Nature therapy (a broader term than related forest bathing or Shinrin-Yoku) which describes the practice that combines a range of exercises and tasks in an outdoor environment. As of today, there appear various definitions of what nature therapy comprises. Garden therapy, horticultural therapy, Kneipp therapy or even ocean therapy may be viewed as forms of nature therapy.
A 2012 systematic review study showed inconclusive results related to methodological issues across the literature. Subsequently, a 2017 systematic review of the benefits of spending time in forests demonstrated positive health effects, but not enough to generate clinical practice guidelines. Many individual studies do promote health benefits of forest therapy or forest bathing.
Anthropologically, nature therapy appears to have existed since the dawn of time in many cultures and tribes. Shinrin-yoku (森林浴) literally means forest bathing, originated in Japan in the early 1980s and may be regarded as a form of nature therapy. In Japan, Shinrin-yoku has become established across all prefectures with more than 60 Forest Therapy Camps by the end of 2016.
- Outdoor education - sometimes referred to 'wilderness education' is organized learning that takes place in the outdoors.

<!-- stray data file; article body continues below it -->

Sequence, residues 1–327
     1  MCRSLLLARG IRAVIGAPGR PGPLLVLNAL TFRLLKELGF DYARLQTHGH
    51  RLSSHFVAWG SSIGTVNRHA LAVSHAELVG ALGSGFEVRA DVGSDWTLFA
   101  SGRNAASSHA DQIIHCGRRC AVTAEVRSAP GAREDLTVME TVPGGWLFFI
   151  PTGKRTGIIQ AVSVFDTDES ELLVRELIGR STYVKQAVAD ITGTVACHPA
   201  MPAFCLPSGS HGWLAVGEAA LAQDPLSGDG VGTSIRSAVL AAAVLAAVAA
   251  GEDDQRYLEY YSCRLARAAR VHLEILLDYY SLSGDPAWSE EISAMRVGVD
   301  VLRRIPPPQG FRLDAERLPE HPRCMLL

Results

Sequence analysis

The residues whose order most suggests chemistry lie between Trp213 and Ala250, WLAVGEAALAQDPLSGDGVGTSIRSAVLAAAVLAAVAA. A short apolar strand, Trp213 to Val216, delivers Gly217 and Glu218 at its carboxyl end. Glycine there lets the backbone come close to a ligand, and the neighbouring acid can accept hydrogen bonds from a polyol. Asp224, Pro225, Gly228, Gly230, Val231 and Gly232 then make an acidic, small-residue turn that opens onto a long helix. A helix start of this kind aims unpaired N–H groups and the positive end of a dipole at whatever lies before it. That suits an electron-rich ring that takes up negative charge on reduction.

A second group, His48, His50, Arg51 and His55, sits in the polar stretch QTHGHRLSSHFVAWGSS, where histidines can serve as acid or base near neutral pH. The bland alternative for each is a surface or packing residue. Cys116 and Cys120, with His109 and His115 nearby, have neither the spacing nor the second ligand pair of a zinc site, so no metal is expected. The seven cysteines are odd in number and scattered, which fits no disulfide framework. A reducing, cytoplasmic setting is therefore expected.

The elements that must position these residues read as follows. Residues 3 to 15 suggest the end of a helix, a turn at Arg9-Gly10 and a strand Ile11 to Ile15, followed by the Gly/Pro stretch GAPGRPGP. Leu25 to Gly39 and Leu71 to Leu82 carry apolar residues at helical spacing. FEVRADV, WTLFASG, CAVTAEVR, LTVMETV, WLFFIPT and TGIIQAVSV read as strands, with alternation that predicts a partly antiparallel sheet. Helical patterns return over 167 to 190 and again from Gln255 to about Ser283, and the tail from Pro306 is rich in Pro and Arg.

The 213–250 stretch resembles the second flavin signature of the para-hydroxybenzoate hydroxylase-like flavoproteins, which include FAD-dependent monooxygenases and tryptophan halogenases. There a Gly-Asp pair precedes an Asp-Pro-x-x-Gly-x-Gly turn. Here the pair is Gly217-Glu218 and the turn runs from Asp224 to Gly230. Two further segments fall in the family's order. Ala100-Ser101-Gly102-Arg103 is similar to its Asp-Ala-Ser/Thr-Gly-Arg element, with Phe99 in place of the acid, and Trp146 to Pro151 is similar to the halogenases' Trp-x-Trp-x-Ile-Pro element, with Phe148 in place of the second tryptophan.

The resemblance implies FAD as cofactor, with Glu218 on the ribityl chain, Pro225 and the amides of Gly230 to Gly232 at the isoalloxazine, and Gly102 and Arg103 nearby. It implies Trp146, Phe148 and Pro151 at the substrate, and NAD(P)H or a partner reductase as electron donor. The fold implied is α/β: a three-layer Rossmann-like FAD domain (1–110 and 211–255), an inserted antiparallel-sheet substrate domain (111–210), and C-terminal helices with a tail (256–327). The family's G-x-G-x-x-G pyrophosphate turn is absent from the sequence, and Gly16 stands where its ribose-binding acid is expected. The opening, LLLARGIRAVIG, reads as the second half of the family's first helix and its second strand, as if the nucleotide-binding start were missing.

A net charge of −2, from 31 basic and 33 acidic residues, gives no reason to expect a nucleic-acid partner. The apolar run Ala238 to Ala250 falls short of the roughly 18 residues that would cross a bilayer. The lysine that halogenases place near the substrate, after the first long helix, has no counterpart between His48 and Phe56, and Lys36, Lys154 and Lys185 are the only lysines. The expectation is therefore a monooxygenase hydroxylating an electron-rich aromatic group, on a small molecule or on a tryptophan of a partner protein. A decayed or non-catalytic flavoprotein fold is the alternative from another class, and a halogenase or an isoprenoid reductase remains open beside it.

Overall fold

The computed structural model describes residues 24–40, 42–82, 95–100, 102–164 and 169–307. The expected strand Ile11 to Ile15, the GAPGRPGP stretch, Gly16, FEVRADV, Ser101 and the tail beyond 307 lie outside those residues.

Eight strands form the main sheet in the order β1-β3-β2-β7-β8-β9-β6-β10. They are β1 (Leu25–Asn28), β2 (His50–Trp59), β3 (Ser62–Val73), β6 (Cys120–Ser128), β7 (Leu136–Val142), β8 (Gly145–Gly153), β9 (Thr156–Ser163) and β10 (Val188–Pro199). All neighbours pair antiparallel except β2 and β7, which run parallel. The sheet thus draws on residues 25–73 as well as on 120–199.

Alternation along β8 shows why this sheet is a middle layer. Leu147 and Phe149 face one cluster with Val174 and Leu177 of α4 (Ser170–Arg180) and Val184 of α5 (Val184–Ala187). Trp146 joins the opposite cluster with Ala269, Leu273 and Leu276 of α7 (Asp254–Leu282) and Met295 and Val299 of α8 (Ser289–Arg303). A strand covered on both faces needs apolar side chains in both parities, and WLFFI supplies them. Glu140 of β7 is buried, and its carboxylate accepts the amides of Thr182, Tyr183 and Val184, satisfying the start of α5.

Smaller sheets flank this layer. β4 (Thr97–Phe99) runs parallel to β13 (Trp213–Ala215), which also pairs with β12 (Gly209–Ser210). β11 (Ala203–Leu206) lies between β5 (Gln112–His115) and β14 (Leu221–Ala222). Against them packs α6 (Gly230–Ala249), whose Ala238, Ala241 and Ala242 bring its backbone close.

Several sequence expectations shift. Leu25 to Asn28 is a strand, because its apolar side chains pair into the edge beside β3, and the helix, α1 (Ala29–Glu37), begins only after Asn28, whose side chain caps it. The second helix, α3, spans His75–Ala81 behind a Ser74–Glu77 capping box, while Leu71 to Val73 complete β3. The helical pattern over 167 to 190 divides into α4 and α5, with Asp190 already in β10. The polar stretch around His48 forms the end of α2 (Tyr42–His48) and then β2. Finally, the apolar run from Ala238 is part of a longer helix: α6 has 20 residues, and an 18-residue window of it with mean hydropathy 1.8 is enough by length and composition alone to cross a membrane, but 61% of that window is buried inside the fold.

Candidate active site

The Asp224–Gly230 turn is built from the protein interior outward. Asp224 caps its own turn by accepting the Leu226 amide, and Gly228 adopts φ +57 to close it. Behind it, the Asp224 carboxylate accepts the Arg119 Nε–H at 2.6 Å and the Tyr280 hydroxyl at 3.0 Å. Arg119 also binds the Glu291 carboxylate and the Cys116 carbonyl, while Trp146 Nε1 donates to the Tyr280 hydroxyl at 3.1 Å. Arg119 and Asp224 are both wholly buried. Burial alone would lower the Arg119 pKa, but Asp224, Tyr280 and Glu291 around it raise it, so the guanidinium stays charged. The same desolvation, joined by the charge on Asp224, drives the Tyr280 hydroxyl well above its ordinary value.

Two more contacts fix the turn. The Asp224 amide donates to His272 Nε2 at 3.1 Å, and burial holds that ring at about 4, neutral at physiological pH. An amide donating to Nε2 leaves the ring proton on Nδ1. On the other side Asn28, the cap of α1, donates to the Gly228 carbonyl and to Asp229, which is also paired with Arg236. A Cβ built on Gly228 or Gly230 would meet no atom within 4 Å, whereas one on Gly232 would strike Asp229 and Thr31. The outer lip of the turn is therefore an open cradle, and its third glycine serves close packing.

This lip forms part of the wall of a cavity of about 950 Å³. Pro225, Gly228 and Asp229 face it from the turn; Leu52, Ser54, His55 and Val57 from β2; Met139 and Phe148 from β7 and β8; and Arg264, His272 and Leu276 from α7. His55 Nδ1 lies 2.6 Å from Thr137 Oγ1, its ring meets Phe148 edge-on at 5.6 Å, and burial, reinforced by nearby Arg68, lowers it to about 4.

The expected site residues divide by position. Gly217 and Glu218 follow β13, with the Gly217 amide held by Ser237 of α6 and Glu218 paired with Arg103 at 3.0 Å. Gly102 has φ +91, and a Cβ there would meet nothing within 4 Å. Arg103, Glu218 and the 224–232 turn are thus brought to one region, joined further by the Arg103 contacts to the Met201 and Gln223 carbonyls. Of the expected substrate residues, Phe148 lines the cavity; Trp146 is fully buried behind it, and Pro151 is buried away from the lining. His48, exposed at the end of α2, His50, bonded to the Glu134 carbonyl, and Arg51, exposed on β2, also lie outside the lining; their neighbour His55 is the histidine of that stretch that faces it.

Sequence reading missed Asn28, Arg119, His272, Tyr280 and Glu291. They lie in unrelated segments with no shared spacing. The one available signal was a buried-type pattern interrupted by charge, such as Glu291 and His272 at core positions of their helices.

- Kamioka, H; Tsutani, K; Mutoh, Y; Honda, T; Shiozawa, N; Okada, S; Park, SJ; Kitayuguchi, J; Kamada, M; Okuizumi, H; Handa, S (2012). "A systematic review of randomized controlled trials on curative and health enhancement effects of forest therapy". Psychology research and behavior management. 5: 85–95. doi:10.2147/PRBM.S32402. PMID 22888281.
- Oh, B; Lee, KJ; Zaslawski, C; Yeung, A; Rosenthal, D; Larkey, L; Back, M (18 October 2017). "Health and well-being benefits of spending time in forests: systematic review". Environmental health and preventive medicine. 22 (1): 71. doi:10.1186/s12199-017-0677-9. PMID 29165173.
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- Hansen MM, Jones R, Tocchini K (July 2017). "Shinrin-Yoku (Forest Bathing) and Nature Therapy: A State-of-the-Art Review". International Journal of Environmental Research and Public Health. 14 (8): 851. doi:10.3390/ijerph14080851. PMID 28788101.
- Kuo M (2015-08-25). "How might contact with nature promote human health? Promising mechanisms and a possible central pathway". Frontiers in Psychology. 6: 1093. doi:10.3389/fpsyg.2015.01093. PMC . PMID 26379564.
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